Though hard ciders are processed more like wine than beer (apples being pressed to juice, then fermented and cold-filtered), they’re often side by side the beer tap handles in bars. There’s rarely a pub in the United Kingdom that doesn’t have at least one on tap, and probably more. There’s no question that after a long night in the pub a cider can really slice through that wooly mouth sensation, not that that would necessarily be a big marketing point for cider makers.
They’re largely content to stand on the cider’s virtue’s alone, and ciders will definitely have a presence at the May 22 Brattleboro Brewers Fest–Farnum Hill of New Hampshire and J.K. Scrumpy from Michigan are scheduled to appear, and as our tenth featured company leading up to the day, Woodchuck, the largest selling U.S. cider maker.
The Vermont cidery started out humbly enough in 1991 in Proctorville, with Greg Failing, creator of the original recipe, topping off bottles by hand with a turkey baster. The current Middlebury plant is now a major player in the beverage world, turkey basters long ago replaced. But not replaced has been Failing, who remains the cider maker to this day. He began his fermentable life as a winemaker in upstate New York but began making apple wines in Vermont in 1986.
Five years later, Failing’s recipe for Woodchuck Amber Cider hit the market. (For those not in the know, a Woodchuck is slang for a native Vermonter, versus carpetbaggers like myself, known as Flatlanders.) Another Failing blend, Dark & Dry, is now known as 802, for Vermont’s area code.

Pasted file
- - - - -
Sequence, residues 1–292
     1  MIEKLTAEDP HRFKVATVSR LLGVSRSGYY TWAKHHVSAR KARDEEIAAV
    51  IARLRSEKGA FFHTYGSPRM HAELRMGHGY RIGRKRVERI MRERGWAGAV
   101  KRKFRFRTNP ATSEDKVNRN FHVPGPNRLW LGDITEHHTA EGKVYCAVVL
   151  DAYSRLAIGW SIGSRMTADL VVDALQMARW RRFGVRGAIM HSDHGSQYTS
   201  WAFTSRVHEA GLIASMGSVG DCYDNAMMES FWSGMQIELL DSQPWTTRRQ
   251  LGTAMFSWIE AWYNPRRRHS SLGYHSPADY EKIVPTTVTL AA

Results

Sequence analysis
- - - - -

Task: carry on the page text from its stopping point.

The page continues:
The 802 was shipped off to the Great American Beer Festival in 1994, and judges couldn’t figure out where to place it into any of the regular beer categories. But in those earlier days of GABF there was a popular vote People’s Choice Award, and the Dark & Dry brought that trophy home to Vermont, beating every beer at the festival.
Cider doesn’t beat beer for me; I’m not a big fan for two simple reasons–they’re generally too sweet for my palate, and as long as I’m drinking something I’d just as soon have a beer, thanks.
Sampling three Woodchuck products this week, I found the flagship brand, Woodchuck Amber, does little to sway me for just that reason–too sweet for me. But the Granny Smith offering is a dryer, and therefore more palatable blend that many a beer (or wine) drinker could probably cozy up to.
Of the three I most enjoyed the limited release Summer Cider, with a bit more tartness to balance the sweet, and that agreeable “hint of blueberry” promised on the packaging. My wife actually thought the flavor was closer to peaches and pears than blueberries, but it’s ripe and juicy fruit either way.
The aroma and flavor actually reminded me of hard candy bon-bons, the kind with a soft fruity center, which I happen to like. And I liked this, too.
Name: Woodchuck Draft Ciders
Brewer: Green Mountain Beverage, Middlebury, Vermont
Style: Hard Cider
Availability: Year-round plus seasonals, nationwide (Hawaii excepted)
For More Information: woodchuck.com